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Berkshire Grown Newsletter
--June 2013
--  
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strawberries in hand

Pick Your Own Strawberries!
Taste the difference of farm fresh and local.

 

Call or check web sites for what's available!

 

Here are Berkshire Grown farmers who are growing pick-your-own strawberries:

 

The Berry Patch, Stephentown, NY

(518) 733-1234 or 733-6772   


Ioka Valley Farm, Hancock, MA
(413) 738-5915   

(518)329-7578  



Harvest is weather dependent, so always call ahead for picking details.


Farmers' Markets!
Welcome to a new farmers market:

Downtown Pittsfield
Farmers' Market

All New Market! 
May 11 - October 26
Saturdays 9am - 1pm


First Street between Fenn St and Eagle St  WEBSITE
Berkshire
Farmers' Markets

Opening in June!
     
 Farmers' Market at CHP in Great Barrington 

442 Stockbridge Road
Great Barrington, MA

June 6 - Sept. 26
Thursdays 3 - 6pm

SNAP, EBT, Senior and WIC Farmers' market checks accepted

Hillsdale Farmers' Market

Roe Jan Park, 9140 Route 22, half mile south of Rte 23, New York

June 1 - October 12
Saturdays 9 am - 1 pm.


North Adams
Farmers' Market


Municipal parking lot on St. Anthony Drive between Marshall St and Holden St.

June 29 - October 26
Saturdays 9 am - 1 pm.



 More Farmers Markets Here on Berkshire Grown's Map-o-licious 


harvest supper 2013 save the date


New location:  SKI BUTTERNUT in Great Barrington!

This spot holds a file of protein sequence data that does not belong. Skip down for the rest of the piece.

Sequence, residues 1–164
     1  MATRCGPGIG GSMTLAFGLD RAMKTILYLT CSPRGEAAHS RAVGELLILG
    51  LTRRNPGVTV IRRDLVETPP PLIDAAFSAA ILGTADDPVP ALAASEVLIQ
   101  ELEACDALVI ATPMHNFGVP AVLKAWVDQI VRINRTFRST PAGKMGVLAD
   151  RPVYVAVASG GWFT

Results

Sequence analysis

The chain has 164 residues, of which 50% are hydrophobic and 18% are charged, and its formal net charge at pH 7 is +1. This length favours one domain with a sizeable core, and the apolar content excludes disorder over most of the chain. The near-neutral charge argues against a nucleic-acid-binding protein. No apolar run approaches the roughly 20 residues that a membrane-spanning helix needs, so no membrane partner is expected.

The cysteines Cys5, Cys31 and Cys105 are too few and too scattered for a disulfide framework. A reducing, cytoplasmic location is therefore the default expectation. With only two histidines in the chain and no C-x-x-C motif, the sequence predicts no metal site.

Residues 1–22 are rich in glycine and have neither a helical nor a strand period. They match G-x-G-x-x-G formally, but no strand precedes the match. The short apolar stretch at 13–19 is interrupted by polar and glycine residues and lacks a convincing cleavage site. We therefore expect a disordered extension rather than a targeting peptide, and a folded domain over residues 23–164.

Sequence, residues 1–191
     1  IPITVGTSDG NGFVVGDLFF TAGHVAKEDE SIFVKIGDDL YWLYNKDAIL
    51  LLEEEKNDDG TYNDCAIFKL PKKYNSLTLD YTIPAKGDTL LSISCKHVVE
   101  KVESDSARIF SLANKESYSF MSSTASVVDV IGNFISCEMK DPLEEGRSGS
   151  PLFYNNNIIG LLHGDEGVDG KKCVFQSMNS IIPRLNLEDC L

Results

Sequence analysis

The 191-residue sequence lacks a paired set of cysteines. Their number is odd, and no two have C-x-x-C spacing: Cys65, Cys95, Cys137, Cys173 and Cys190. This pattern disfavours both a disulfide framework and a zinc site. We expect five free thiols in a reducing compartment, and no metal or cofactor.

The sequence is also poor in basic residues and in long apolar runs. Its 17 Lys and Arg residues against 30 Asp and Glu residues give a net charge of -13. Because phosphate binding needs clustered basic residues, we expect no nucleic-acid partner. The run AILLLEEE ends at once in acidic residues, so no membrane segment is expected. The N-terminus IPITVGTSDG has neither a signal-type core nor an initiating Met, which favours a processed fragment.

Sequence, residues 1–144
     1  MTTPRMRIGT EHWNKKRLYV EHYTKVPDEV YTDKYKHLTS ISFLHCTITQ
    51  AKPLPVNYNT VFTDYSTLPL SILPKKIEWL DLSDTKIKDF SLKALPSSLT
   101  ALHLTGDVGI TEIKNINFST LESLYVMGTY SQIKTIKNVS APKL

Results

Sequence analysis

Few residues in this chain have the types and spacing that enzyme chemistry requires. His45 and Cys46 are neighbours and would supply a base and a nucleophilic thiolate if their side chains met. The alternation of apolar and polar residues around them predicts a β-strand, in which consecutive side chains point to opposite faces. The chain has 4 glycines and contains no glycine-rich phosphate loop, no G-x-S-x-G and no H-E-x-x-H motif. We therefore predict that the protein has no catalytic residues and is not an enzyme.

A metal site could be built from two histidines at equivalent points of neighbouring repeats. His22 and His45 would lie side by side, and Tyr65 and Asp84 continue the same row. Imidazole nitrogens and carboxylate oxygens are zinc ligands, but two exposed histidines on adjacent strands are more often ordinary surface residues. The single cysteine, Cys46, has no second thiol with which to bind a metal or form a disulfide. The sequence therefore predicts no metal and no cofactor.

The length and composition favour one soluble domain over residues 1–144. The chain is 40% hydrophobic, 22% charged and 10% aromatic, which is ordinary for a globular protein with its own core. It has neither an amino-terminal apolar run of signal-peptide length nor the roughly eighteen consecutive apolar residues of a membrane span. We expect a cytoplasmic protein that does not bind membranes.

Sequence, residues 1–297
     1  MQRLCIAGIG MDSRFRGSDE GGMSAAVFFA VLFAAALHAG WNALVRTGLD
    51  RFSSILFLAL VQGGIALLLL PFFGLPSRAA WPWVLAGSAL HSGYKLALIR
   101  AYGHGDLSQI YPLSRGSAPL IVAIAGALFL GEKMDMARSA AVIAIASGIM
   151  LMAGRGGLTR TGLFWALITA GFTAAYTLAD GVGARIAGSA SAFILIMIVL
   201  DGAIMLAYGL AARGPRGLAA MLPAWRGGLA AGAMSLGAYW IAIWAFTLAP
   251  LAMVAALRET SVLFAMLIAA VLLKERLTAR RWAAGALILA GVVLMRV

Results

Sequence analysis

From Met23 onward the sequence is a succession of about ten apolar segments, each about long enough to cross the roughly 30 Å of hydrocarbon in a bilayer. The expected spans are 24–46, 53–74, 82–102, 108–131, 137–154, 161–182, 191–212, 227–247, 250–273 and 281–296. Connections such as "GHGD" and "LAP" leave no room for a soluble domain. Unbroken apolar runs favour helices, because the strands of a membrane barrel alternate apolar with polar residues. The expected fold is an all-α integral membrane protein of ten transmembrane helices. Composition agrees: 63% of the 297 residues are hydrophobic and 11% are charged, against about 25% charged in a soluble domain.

June in the Berkshires!
Berkshire Botanical Garden TASTING TERROIR

 TERROIR is the concept that the geology, geography and climate of a certain place interacts with a plant's genetics and in turn affects the taste and characteristics of the fruit that is ultimately produced by that plant.

It is this idea that will be explored at the Berkshire Botanical Garden on
Saturday, June 8th at 4pm when local wine merchant Jim Nejaime and author Paul Lukacs present "Tasting Terroir:  A Story of Earth, Wine and Human Hope." 

"Tasting Terroir" is a lecture paired with a wine tasting that investigates the facts and fictions of terroir and the essential role it has played through the history of wine.  It will be an evening filled with interesting discussion and, of course, fine wines chosen by Jim Nejaime himself.  After the lecture, Paul will be selling and signing his book,  Inventing Wine:  A New History of One of the World's Most Ancient Pleasures.  All showcased wines will also be available for order through Jim Nejaime's popular wine shop, Spirited.

To sign up, please call the Garden at 413.298.3926 or purchase your tickets online
HERE.

Berkshire Grown's 2013 Buyer's Guide to Locally Grown Food, Flowers and Plants is out!  
 

2013 Farm Guide color  
Woven Roots Farm, Lee, MA               photo by Jonathan Hankin

Find your way to farmers' markets, local farms and farm stands. Look for a copy wherever your find brochures and flyers around the county.
 
You can also browse listings of Berkshire Grown members on Map-o-licious..

The Buyer's Guide is distributed free throughout the Berkshires at more than three dozen locations. Many thanks for support from our members and the 

 

           




 

 

"LONGING FOR A LOCAL LUNCH"
 
Sunday June 23, 11AM at the Triplex,
Great Barrington, MA
 
Film Local Lunch BIFF 2013 a Young Voices for the Planet" film produced by children's author Lynne Cherry, features Great Barrington students
concerned about climate change calculating CO2 emissions and nutrition from local vs processed food. With community support-- including MA State Representative Smitty Pignatelli--they introduce local fare to improve student health through better school lunches. Monument student Zoe Borden asks, "Why not start here and reduce our carbon footprint by buying locally?" Indeed, why not?


What We're Reading:

Michael Pollan and Ruth Reichl  

Hash out the Food Revolution

Q: Where did they decide to meet to talk about the Food Movement?